Like teenage girls fawning over Elvis, the stock market swooned over the Fed this week. But hopes the central bank will stop raising its fed funds rate next month quietly exited the building by Friday, leaving most market participants where they started the week -- anxious -- despite gains for major averages. After starting the week concerned about inflation, stock investors latched onto dovish words from Fed speakers and the March FOMC meeting minutes
Tuesday, inciting a rally that carried major averages to weekly gains despite mixed follow-through. Record oil prices and U.S. Energy Secretary Samuel Bodman crashed the party when the price of crude topped $75 per barrel Friday and Bodman warned of possible gasoline supply problems. Maybe that qualifies as one of the "surprises" San Francisco Fed President Janet Yellen was talking about Wednesday after commenting that rate hikes are over and inflation contained -- minus any data to suggest otherwise, of course. The Dow Jones Industrial Average did rise modestly Friday to 11,347.45, another six-year high, but the S&P 500 dipped 0.01% to finish 1311.28 and the Nasdaq Composite fell 19.69 points, or 0.83%, to 2342.86 as Dell's ( DELL) weakness offset Google's ( GOOG) strength. For the week, the Dow gained 1.9%, while the S&P rose 1.7%, and the Nasdaq climbed 0.7%, lagging its blue-chip counterparts amid disappointment over results and/or guidance from big-caps such as Intel ( INTC), eBay ( EBAY) and Amgen ( AMGN), as well as prior highfliers F5 Networks ( FFIV) and PortalPlayer ( PLAY). Meanwhile, the dollar sunk, commodities prices soared and the yield on the benchmark 10-year rose above 5%. "The reaction to the Fed minutes was very emotional, and it is still undecided whether 5% is the end," said Barry Hyman, equity market strategist at Ehrenkrantz King Nussbaum, adding that the new fear is that perhaps $70 per barrel is the bottom end of a new range. "We look at gold and commodities. These are inflation indicators."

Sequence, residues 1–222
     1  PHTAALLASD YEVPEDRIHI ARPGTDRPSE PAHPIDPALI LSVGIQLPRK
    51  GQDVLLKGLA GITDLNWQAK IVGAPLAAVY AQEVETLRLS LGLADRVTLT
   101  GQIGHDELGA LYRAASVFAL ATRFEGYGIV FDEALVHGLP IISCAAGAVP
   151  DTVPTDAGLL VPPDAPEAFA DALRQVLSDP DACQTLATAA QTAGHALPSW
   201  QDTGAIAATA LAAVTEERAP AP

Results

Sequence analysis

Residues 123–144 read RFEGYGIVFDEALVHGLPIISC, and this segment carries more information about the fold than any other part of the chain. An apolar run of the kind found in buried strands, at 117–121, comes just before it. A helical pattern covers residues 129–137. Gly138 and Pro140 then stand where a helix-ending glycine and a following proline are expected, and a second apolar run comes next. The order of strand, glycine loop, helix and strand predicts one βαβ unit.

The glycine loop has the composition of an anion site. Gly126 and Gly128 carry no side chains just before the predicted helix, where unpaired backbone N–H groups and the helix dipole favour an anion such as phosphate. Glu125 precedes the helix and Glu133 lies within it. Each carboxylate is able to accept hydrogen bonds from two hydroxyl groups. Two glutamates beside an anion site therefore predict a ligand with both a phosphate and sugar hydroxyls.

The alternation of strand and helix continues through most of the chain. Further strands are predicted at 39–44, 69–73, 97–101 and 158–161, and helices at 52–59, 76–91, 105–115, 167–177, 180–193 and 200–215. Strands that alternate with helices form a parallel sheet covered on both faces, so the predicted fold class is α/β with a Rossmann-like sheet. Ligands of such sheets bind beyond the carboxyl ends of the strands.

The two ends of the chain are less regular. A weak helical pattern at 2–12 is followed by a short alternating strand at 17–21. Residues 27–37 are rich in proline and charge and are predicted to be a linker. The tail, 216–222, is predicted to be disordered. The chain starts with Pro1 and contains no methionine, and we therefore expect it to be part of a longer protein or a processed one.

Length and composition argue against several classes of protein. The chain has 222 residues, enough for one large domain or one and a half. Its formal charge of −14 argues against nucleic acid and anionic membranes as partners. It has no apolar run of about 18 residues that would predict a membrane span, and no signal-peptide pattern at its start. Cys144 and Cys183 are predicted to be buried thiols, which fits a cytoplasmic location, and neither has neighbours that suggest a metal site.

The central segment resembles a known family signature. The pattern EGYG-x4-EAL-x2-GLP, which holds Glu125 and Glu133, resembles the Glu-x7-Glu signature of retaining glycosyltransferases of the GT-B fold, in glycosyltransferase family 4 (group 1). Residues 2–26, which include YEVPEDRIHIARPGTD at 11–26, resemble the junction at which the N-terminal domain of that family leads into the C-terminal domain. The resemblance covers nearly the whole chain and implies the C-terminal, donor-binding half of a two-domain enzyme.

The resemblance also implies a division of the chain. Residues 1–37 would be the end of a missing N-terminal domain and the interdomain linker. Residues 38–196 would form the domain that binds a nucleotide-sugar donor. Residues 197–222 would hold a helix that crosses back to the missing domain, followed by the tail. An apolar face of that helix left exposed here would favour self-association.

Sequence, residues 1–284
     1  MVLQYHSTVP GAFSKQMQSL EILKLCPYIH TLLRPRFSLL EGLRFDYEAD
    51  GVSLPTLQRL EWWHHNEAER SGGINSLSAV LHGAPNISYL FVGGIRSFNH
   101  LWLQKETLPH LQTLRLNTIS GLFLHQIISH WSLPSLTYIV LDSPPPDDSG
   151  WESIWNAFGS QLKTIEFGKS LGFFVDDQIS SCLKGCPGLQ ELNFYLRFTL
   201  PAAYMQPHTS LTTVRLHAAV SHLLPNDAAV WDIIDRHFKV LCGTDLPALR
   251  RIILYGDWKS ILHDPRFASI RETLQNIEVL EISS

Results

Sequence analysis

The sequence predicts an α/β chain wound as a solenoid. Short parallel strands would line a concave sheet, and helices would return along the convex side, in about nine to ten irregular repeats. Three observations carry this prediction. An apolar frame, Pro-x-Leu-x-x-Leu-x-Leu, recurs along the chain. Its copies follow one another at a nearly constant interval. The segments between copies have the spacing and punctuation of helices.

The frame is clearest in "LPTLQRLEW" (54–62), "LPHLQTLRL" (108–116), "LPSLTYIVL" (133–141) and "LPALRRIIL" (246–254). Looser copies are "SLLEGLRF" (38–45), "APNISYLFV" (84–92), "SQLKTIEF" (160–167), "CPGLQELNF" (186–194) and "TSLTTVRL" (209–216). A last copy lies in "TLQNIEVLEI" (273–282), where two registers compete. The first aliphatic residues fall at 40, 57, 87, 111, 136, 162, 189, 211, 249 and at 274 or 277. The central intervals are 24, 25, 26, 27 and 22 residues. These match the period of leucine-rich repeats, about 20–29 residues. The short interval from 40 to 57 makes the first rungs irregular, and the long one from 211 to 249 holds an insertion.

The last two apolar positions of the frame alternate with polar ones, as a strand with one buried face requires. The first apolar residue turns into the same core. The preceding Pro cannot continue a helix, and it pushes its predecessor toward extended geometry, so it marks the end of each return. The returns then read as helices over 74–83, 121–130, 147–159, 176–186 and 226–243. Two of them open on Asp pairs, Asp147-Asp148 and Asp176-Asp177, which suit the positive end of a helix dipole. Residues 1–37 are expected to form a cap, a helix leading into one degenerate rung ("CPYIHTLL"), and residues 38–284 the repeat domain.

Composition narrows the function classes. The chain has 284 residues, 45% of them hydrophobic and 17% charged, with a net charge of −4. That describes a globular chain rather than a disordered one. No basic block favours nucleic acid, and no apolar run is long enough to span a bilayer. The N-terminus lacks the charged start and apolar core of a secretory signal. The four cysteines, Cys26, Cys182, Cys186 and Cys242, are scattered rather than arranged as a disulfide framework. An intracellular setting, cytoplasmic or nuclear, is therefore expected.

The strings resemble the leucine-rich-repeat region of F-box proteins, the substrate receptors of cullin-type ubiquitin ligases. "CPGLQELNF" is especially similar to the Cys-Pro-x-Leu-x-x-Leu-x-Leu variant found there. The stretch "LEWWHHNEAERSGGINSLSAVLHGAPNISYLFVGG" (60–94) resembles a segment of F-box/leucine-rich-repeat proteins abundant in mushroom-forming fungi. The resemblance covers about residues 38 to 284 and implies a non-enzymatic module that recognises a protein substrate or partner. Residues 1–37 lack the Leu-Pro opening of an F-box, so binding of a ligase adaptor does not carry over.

Oil settled at $75.17 a barrel Friday on the New York Mercantile Exchange after hitting an all-time peak of $75.35 per barrel earlier. Gold for June delivery finished up $12.40 at $635.50 an ounce Friday, making up for Thursday's losses. The metal plunged more than $20 intraday after hitting a 25-year high of $649, dragging down producers such as Newmont Mining ( NEM), before finishing down 2% at $623.10. Silver advanced as well Friday after suffering a 14% drop Thursday, its biggest percentage decline in 19 years, while copper hit a new all-time price high up 17.85 cents at $3.1405 a pound. As commodities prices once again spilled over their just-set records, odds that the fed funds rate will go to 5.25% at the June 29 FOMC meeting reached 46% Friday, the highest since the Fed minutes were released, according to Miller Tabak & Co. Odds of a June hike dropped to 32% Tuesday from 54% on Monday. While commodities grabbed the headlines, there were other signs that everything wasn't as rosy as Tuesday's market action suggested. The IMF warned mid-week in its World Economics Outlook of "global imbalances," high commodities prices and inflation, the huge U.S. trade deficit and currency valuation problems. "With the risks associated with inaction rising with time, the principal challenge for global policymakers is to take advantage of the unusually favorable conjuncture to address these vulnerabilities," says the IMF in the Outlook. Speaking of vulnerabilities, even the Fed minutes warned that a possible housing market collapse and a pullback by the U.S. consumer could create big financial stress for the U.S. Several news outlets reported Thursday that 71% of U.S. consumers believe a national housing bubble will burst and that the value of residential real estate will collapse sometime next year. U.S. consumers being as optimistic as ever, 56% of those polled, said they believed it wouldn't happen in their neighborhoods.